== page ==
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John Wycliffe (1330-1384), a member of the faculty of Oxford University, was
an early crusader for Christian reform in England. He argued that secular and
ecclesiastical authorities were given earthly dominion in their respective spheres
by the grace of God as understood through Scripture. Implicit in this argument
was the idea that these dominions could be lost through sin and that all earthly
possessions would be forfeited. Wycliffe further argued that the church had
sinned because it had lost its biblical moorings and had become corrupted by
earthly concerns of wealth and power. He advocated a return to biblical poverty
either voluntarily or through confiscation of church property by civil authorities.
Kings and nobles found much to admire in Wycliffe's argument, but for very different
Wycliffe's central tenet was his belief in the Bible as the only source of
Christian doctrine. No earthly ecclesiastical authority, he felt, could augment
or change what was in the Scriptures. Additionally, he found no scriptural support
for the papacy or the many monastic and other religious orders. He further maintained
that the host of problems found in these orders necessitated reform by civil
authorities. Although Wycliffe's teachings were the subject of numerous papal
bulls issued by Gregory XI (r. 1370-1378), he persevered with support from the
English government and some assistance from within the university community.
His fortunes changed, however, when he attacked transubstantiation.
Wycliffe argued that it was unsound to believe that bread and wine ceased their
original existence and reanimated as flesh and blood after consumption. He sought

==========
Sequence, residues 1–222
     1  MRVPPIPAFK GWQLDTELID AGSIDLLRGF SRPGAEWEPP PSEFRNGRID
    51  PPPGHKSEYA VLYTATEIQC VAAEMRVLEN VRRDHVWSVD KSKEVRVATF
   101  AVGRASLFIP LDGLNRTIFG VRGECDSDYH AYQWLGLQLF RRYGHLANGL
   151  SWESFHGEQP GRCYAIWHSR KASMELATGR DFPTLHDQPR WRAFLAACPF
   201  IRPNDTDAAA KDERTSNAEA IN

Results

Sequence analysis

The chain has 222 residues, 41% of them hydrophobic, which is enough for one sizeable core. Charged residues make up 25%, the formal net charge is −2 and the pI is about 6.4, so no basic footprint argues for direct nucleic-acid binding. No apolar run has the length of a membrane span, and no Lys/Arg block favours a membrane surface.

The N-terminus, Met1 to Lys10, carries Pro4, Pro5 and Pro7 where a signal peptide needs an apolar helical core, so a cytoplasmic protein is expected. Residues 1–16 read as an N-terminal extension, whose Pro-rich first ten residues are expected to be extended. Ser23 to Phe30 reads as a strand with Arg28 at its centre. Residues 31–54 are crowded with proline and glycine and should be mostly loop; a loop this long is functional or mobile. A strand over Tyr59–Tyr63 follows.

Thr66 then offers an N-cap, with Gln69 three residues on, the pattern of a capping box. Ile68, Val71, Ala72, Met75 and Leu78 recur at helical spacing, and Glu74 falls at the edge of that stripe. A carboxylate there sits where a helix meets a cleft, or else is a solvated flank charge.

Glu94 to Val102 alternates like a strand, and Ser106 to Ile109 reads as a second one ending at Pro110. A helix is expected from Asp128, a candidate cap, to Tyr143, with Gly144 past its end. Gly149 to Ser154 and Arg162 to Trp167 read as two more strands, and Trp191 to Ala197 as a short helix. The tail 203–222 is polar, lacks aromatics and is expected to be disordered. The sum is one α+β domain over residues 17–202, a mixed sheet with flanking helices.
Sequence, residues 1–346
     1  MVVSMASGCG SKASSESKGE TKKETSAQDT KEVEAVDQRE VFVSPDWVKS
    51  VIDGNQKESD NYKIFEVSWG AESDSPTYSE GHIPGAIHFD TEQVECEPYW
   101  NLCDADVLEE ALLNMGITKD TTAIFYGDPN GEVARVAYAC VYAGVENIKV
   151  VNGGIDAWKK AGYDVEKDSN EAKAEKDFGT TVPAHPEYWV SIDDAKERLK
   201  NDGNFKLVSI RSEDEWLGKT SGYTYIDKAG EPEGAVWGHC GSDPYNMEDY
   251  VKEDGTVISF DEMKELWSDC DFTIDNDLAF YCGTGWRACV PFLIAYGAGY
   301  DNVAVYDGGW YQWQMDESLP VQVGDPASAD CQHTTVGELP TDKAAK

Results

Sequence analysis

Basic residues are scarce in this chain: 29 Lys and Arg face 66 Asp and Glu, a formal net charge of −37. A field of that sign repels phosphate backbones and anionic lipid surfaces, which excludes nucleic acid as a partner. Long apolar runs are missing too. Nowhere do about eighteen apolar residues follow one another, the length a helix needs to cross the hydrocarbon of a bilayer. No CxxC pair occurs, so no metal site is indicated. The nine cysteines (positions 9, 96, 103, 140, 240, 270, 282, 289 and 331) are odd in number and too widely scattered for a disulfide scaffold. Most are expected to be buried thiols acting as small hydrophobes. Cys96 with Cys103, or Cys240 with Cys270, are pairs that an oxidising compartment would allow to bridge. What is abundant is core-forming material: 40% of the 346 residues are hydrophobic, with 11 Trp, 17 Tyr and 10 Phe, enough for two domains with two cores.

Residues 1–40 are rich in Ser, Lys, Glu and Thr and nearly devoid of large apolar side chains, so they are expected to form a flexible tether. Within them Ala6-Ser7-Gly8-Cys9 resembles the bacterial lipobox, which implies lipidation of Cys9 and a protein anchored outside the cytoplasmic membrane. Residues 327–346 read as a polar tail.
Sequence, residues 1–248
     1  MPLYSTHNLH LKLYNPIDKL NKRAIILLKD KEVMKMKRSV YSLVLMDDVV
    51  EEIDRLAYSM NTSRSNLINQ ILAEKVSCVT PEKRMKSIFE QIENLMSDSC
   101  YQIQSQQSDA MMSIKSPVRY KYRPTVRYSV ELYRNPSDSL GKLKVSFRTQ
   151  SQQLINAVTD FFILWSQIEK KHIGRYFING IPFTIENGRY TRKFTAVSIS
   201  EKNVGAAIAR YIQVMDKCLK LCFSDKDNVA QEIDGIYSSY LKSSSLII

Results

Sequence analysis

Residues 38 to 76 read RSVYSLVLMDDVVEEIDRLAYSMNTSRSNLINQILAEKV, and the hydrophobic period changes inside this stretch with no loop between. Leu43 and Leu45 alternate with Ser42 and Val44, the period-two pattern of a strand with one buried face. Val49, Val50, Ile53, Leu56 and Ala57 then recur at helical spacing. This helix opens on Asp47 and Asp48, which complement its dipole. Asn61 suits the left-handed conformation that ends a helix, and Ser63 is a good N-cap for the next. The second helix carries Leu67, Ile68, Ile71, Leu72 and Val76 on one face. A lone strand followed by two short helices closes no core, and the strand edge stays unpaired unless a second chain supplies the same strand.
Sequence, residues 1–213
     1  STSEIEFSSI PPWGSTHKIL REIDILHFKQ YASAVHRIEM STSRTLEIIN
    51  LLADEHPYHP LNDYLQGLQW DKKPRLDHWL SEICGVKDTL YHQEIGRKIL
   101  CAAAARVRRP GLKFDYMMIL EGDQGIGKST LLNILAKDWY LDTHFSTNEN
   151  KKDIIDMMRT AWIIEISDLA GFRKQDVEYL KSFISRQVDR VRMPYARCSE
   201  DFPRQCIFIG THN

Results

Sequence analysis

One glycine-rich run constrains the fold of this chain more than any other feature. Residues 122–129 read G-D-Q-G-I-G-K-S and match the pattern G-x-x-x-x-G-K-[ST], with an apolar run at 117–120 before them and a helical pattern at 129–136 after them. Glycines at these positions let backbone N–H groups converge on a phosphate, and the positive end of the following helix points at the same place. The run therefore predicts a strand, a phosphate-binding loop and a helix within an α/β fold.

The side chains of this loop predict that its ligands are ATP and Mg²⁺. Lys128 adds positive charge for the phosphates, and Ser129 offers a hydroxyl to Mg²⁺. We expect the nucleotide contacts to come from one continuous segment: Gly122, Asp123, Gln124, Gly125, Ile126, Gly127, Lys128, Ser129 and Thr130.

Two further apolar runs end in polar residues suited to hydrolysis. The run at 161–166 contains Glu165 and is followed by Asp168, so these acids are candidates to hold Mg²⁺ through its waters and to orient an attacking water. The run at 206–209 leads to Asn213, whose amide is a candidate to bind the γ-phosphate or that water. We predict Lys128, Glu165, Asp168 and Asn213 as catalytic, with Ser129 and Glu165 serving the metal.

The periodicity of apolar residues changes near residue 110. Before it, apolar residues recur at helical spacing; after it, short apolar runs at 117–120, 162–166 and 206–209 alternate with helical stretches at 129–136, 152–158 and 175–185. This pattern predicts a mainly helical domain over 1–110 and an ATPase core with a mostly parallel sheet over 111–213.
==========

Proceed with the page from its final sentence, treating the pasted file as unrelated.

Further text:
to replace what he saw as a superstitious belief with a new understanding of
the more important spiritual and moral messages intended by Christ. Following
these attacks he lost most of his official support and became the subject of
numerous condemnations from ecclesiastical and secular authorities. Nevertheless,
he left his mark on religious thought in Europe.
Wycliffe's belief in the supreme authority of Scripture led him to translate
the Bible into English and make plans for its dissemination through a network
of preachers. His efforts contributed to the formation of the Lollards, the
heretical proclaimers of his beliefs. Lollardism was to play an important role
in English religious life for the next several centuries, and Wycliffe's influence
helped prepare the way for the Protestant Reformation. His teachings continued
to inspire his remaining supporters at Oxford, and he was cited by many other
reformers, including Jan Huss (1372-1415), as a leading authority.
Works by the Author
Wycliffe, John. Select English Works. 3 vols. Edited by Thomas Arnold.
Oxford; Oxford at the Clarendon Press.
Works about the Author
Sargeant, Lewis. John Wyclif: Last of the Schoolmen and First of the English
Reformers. New York: G.P. Putnam's Sons, 1893.
Lechler, Gothtard V., and Peter Lorimer. John Wycliffe and his English Precursors.
London: The Religious Tract Society, 1884.
Gilpin, William. The Lives of John Wycliff and the Most Eminent of his Disciples:
Lord Cobham, John Huss, Jerome of Prague, & Zisca. London: 1766.
The biographical material about the author originally appeared on The Goodrich Room: Interactive Tour website.